The notion of a moral community resolves many paradoxes of human behavior. How is it, after all, that a Nazi guard could return each day from his labors at the crematoria and then be a loving father to his children? The answer is surprisingly straightforward: The Jews he spent the day torturing and killing were not objects of his moral concern. Not only were they outside his moral community; they were antithetical to it. His belief about Jews inured him to the natural human sympathies that might otherwise prevented such behavior.
Unfortunately, religion casts more shadows than light on this territory. Rather than find real reasons for human solidarity, faith offers us a solidarity born of tribal and tribalizing fictions. As we have see, religion is one of the greatest limiters of moral identity, since most believers differentiate themselves, in moral terms, from those who do not share their faith. No other ideology is so eloquent on the subject of what divided one moral community from another. Once a person accepts the premises upon which most religious identities are built, the withdrawal of his moral concern from those who do not share these premises follows quite naturally. Needless to say, the suffering of those destined for hell can never be as problematic as the suffering of the righteous. If certain people can’t see the unique wisdom and sanctity of my religion, if their hearts are so beclouded by sin, what concern is it of mine if others mistreat them? They have been cursed by the very God who made the world and all things in it. Their search for happiness was simply doomed from the start.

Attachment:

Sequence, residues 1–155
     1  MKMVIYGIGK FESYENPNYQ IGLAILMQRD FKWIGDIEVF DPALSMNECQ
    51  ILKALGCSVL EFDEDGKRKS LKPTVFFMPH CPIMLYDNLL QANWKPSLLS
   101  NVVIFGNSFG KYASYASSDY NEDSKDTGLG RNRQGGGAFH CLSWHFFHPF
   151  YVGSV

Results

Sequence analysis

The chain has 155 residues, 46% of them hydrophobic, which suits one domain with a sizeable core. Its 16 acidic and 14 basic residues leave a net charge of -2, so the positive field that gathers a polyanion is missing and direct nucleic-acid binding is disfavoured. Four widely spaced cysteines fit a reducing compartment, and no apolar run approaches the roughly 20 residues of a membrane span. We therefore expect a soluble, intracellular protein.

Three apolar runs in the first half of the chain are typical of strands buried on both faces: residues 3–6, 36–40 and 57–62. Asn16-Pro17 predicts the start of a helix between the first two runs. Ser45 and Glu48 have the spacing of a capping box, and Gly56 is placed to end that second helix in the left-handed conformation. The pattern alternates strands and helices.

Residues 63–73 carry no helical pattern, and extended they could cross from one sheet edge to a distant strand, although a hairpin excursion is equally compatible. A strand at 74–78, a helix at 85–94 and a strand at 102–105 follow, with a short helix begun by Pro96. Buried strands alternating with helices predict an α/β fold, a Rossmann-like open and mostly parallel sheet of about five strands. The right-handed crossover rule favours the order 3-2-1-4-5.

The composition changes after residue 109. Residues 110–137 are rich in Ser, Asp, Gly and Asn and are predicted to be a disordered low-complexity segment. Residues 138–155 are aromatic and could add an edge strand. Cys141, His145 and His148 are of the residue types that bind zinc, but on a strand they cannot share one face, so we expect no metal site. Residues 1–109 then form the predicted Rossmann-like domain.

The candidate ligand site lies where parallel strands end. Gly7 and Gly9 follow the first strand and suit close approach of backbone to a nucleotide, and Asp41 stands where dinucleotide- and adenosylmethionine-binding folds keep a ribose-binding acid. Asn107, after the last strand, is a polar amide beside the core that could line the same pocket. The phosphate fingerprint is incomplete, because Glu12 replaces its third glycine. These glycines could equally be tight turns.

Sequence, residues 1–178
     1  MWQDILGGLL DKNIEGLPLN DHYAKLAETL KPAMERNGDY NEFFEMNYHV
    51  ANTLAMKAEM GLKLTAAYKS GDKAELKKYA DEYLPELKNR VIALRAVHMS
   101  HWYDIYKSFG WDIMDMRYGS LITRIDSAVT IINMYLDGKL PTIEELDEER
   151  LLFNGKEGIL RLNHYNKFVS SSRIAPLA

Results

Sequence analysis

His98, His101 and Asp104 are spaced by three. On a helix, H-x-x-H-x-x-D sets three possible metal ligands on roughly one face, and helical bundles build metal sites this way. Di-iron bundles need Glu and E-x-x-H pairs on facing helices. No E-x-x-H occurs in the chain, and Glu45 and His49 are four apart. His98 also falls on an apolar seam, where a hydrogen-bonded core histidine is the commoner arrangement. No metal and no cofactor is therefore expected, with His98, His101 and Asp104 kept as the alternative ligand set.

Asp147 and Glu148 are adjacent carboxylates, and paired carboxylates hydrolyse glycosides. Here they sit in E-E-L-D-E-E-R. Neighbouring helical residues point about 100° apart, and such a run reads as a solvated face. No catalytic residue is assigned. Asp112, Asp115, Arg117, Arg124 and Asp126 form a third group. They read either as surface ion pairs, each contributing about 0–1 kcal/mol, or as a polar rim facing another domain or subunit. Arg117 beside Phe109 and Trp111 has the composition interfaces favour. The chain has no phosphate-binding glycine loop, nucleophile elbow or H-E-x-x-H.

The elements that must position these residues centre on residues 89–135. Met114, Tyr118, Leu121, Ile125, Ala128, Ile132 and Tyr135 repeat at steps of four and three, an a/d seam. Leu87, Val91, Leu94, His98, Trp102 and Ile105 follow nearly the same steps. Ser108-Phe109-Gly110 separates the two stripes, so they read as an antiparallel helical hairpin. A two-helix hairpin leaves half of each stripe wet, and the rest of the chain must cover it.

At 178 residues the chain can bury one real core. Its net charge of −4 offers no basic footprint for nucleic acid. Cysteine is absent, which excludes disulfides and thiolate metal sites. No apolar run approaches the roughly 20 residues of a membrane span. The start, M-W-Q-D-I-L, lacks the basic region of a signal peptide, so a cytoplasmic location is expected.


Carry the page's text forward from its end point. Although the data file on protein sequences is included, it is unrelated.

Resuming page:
Source: The End of Faith: Religion, Terror, and the Future of Reason, Pages: 176
Contributed by: HeyOK